& cplSiteName &

Selecting a Prime Integrator for NFV

James Crawshaw
5/10/2017
50%
50%

In complex projects, such as a home extension, it makes sense to have a prime contractor that ensures the brickwork, plumbing, electrics and decorating are all coordinated. In IT circles the process of bringing together component sub-systems into one "uber" system is referred to as systems integration (SI). The lead systems integrator is the project manager or "one throat to choke."

By all accounts, NFV is even more complicated than a home extension and many telcos have opted for a lead systems integrator, not least so they have someone to blame if everything goes wrong. For example, in 2015, when Telefónica became frustrated with the vendor community's inability to provide open, multivendor propositions they brought in a lead SI to knit all the pieces together. Unfortunately that deal didn't seem to work out; it seems that choosing an SI can be as complicated as choosing all the component parts of NFV.

So, what are the key criteria to look for from an NFV SI? Clearly a knowledge of service provider IT (OSS), and enterprise IT (virtualization) are important. So too is a deep understanding of networking. In a hybrid, physical/virtual deployment (i.e. the real world) knowledge of legacy systems may be critical to NFV's success. The SI also needs to enable an open, multivendor environment that allows the CSP to swap out parts of the orchestration, VNF and infrastructure layers, avoiding vendor lock-in. If the SI is also a vendor of orchestrators, VNFs and/or infrastructure this clearly introduces a conflict of interest that must be managed.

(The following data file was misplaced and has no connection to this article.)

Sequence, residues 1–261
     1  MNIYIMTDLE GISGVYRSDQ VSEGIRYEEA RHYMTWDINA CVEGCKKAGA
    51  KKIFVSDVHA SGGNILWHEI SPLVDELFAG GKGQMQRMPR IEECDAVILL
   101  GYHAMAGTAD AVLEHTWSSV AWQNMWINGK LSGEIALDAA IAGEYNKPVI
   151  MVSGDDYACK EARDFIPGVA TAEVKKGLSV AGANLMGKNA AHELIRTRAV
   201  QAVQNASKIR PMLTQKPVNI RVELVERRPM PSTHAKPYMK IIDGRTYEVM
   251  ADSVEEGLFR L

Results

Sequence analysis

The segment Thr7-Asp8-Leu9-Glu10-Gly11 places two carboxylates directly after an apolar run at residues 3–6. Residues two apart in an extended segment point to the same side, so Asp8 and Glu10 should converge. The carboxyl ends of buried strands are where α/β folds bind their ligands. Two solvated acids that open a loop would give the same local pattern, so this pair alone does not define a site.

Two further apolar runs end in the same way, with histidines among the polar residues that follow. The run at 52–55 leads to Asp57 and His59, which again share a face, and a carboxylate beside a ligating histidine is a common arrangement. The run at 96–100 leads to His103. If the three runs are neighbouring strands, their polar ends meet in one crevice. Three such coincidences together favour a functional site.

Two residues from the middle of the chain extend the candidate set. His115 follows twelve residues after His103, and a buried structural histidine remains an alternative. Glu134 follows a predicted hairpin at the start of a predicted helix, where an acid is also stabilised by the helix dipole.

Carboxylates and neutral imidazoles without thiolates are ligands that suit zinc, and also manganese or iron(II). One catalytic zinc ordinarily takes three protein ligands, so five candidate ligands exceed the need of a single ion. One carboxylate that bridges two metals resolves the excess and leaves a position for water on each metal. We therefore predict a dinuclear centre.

The trouble with pure systems integrators is that while they may be very experienced in CRM implementations and business process re-engineering, they are perhaps not as steeped in networking know-how as the telco equipment providers. Once NFV is mature then pure SI firms will probably cope fine, but in the early days the trade-off between independence and network smarts may favor the communication infrastructure vendors. PowerPoint doesn't push packets.

In a survey conducted by TBR more than 50 managers and executives across the top 20 Tier 1 operators were asked to rank the importance of the services provided by their NFV vendors. Integration came top of the list, closely followed by deployment. Consulting was deemed to be of lesser importance. Surprisingly, technical support and managed services came bottom of the list. Perhaps it is the immaturity of NFV and its heavy reliance on software that make systems integration the top priority.